Saturday, December 16, 2017

Reflections on Home Education - Part V, Post 2 - Teaching Reading

Continuing on with Part V of Vol. 1, Home Education by Charlotte Mason, let's take a look at what Charlotte says about teaching reading. You may go back and read Post 1, from Part V, on Kindergarten here.

To begin, Charlotte suggests the importance of learning to read, but acknowledges the opportune time to teach reading is an open mystery...
Reading presents itself first amongst the lessons to be used as instruments of education although it is open to discussion whether the child should acquire the art unconsciously, from his infancy upwards, or whether the effort should be deferred until he is, say, six or seven, and then made with vigour. (p. 199)
That first line above is of uber importance. "Reading presents itself first amongst the lessons to be used as instruments of education." Charlotte states the significant impact reading has on learning, suggesting that it's the number one tool or means of education. One must be able to read or to listen to the word in order to interpret knowledge. Now, this is not to say reading is the end all, be all. However, it is of highest importance in Charlotte's philosophy. The exact time of when this must begin is open ended because exactly how and when a child learns to read is unknown. What or when is that exact moment when one becomes cognizant of their ability to read? Does reading begin with spoken word or written word?
Many persons consider that to learn to read a language so full of anomalies and difficulties as our own is a task which should not be imposed too soon on the childish mind. But, as a matter of fact, few of us can recollect how or when we learned to read: for all we know, it came by nature, like the art of running; and not only so, but often mothers of the educated classes do not know how their children learned to read. 'Oh, he taught himself,' is all the account his mother can give of little Dick's proficiency. Whereby it is plain, that his notion of the extreme difficulty of learning to read is begotten by the elders rather than by the children.  (p. 200)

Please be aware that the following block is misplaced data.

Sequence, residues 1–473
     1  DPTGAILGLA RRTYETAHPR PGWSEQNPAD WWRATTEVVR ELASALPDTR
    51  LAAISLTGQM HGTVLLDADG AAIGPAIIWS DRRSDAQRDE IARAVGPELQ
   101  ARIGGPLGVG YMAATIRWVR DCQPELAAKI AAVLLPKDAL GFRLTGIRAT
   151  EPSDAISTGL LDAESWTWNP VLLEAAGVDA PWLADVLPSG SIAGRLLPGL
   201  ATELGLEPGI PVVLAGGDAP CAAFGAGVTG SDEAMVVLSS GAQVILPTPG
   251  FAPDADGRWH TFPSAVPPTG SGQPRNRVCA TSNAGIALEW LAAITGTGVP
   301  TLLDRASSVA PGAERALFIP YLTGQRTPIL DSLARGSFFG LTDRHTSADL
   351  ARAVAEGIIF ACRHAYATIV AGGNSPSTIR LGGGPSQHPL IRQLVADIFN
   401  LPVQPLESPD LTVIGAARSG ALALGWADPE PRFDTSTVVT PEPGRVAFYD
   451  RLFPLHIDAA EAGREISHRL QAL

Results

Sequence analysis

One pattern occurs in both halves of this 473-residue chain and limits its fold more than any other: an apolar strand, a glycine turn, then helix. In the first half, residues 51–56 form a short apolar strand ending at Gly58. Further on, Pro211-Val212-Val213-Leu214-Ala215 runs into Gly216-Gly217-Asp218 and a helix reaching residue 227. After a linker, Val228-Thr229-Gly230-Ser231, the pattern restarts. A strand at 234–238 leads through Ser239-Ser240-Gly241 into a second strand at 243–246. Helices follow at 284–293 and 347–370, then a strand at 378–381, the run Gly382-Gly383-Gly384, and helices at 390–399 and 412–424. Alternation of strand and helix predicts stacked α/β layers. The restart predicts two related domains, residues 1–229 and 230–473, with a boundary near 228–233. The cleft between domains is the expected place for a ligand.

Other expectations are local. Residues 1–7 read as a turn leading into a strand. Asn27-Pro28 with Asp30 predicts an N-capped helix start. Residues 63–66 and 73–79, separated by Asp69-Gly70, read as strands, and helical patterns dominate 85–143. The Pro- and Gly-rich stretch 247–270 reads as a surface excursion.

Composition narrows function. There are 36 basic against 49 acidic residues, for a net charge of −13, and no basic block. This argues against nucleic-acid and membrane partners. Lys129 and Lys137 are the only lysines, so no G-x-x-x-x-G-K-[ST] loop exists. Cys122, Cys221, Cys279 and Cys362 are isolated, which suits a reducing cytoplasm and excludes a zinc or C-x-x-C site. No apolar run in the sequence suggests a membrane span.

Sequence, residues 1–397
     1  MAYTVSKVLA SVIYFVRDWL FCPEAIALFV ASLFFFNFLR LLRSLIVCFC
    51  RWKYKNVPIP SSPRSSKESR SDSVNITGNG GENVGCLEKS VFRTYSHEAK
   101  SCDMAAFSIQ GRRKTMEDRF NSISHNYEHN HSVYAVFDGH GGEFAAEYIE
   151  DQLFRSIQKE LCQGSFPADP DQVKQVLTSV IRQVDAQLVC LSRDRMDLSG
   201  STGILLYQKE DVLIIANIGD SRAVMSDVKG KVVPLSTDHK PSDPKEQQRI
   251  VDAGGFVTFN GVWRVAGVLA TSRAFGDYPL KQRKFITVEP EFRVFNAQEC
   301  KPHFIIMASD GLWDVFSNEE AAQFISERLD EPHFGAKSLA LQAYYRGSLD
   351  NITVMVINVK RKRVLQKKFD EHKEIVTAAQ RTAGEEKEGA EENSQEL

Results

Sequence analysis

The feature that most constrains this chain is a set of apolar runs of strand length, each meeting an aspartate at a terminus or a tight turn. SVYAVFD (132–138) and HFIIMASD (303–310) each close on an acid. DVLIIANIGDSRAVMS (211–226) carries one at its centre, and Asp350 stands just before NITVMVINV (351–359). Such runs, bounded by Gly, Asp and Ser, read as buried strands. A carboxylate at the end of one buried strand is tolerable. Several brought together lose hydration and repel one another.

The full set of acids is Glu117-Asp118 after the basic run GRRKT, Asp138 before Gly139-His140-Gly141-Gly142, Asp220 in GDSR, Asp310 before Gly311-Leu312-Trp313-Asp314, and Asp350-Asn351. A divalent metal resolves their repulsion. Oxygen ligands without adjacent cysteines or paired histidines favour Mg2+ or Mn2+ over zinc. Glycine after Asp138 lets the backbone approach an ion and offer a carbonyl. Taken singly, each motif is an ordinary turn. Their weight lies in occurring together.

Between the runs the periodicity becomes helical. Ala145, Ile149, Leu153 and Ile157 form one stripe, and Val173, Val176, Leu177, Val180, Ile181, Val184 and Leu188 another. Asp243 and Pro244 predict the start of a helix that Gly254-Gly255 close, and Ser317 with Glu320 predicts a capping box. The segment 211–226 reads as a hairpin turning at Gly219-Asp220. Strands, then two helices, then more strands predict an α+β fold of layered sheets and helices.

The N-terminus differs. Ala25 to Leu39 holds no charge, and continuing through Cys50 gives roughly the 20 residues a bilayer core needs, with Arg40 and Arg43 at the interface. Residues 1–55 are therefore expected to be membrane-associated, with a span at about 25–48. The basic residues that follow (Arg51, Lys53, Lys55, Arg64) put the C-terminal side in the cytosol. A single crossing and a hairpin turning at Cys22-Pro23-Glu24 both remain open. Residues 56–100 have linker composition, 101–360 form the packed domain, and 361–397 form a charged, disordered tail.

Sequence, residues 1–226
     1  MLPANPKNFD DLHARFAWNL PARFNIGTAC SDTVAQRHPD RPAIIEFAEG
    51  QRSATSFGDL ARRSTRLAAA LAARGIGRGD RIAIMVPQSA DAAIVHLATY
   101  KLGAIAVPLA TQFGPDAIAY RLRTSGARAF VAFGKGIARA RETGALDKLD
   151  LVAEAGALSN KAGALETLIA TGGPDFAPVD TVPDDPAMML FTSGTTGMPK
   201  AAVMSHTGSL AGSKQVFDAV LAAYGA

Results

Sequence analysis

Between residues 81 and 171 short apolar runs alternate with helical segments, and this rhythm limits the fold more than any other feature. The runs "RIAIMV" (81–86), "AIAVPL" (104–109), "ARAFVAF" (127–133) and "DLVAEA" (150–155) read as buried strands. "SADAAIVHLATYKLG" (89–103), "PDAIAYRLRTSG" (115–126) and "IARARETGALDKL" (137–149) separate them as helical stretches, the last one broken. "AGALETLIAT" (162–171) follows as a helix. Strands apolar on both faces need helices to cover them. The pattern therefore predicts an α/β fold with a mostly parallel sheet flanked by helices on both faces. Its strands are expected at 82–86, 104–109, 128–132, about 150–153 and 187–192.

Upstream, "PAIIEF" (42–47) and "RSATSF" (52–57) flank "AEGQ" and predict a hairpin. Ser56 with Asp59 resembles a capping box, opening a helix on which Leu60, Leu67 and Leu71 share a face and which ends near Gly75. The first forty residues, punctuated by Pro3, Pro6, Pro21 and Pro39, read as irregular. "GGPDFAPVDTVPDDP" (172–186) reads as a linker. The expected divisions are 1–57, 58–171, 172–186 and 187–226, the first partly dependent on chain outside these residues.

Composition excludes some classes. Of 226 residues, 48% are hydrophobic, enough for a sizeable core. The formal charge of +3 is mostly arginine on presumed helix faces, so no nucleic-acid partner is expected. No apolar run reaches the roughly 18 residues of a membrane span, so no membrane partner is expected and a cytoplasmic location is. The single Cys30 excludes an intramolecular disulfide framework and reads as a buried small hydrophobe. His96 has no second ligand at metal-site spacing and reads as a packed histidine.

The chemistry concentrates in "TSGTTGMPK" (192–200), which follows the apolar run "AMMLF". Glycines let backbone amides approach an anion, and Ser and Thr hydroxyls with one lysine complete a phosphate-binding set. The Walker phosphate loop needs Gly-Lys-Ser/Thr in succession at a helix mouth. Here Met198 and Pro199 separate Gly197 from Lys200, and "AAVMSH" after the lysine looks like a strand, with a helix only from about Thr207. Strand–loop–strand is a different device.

Charlotte even goes so far as to say that if tears are shed over a reading lesson, the fault rests with the teacher.  Rather than include a great amount of commentary and debate about the advent of reading here, I'm going to focus on notes and observations I made while reading each specific section on teaching reading. Keep in mind, Home Education is for the training and educating of children under age nine.

The Alphabet
As for his letters, the child usually teaches himself. (p. 201)
Apparently, it was expected that each child had a box of ivory letters and whenever that box began to interest the child is when reading instruction was to begin.
...learning of the alphabet should be made a means of cultivating the child's observations: he should be made to see what he looks at." (p. 201)
The teacher would trace the letters in the air and use a sand tray, in which the student would write letters.
There is no occasion to hurry the child. (p. 201)

Short vowel "a" with a consonant such as "t" forms the syllable "at", of which many other consonants can be put in front to form words like fat, cat, sat, bat, rat, etc. Charlotte reminds us to keep these exercises light and pleasant.
Exercises treated as a game, which yet teach the powers of the letters, will be better to begin with than actual sentences. (p. 202)
Let the syllables all be actual words which he knows. (p. 202)
Begin with short vowels and consonants making short three letter words. When the child is comfortable with this exercise and doing the lesson for himself, it's time to move on. Again, Charlotte reminds us not to hurry the child. However, I am under the impression that the alphabet and word making exercises could begin informally at a preschool age.

Word-making with Long Vowels, etc.

When short vowel lessons become so easy that it is no longer interesting, let the long sounds of the vowels be learnt in the same way. Charlotte advocates using the same method as listed above, but now adding a final "e" to the words, turning rat into rate and pat into pate. Be sure the child pronounces each word they make to take advantage of the full multi-sensory experience. (ex. moving letters - kinesthetic; reading word - visual; hearing/saying word aloud - auditory)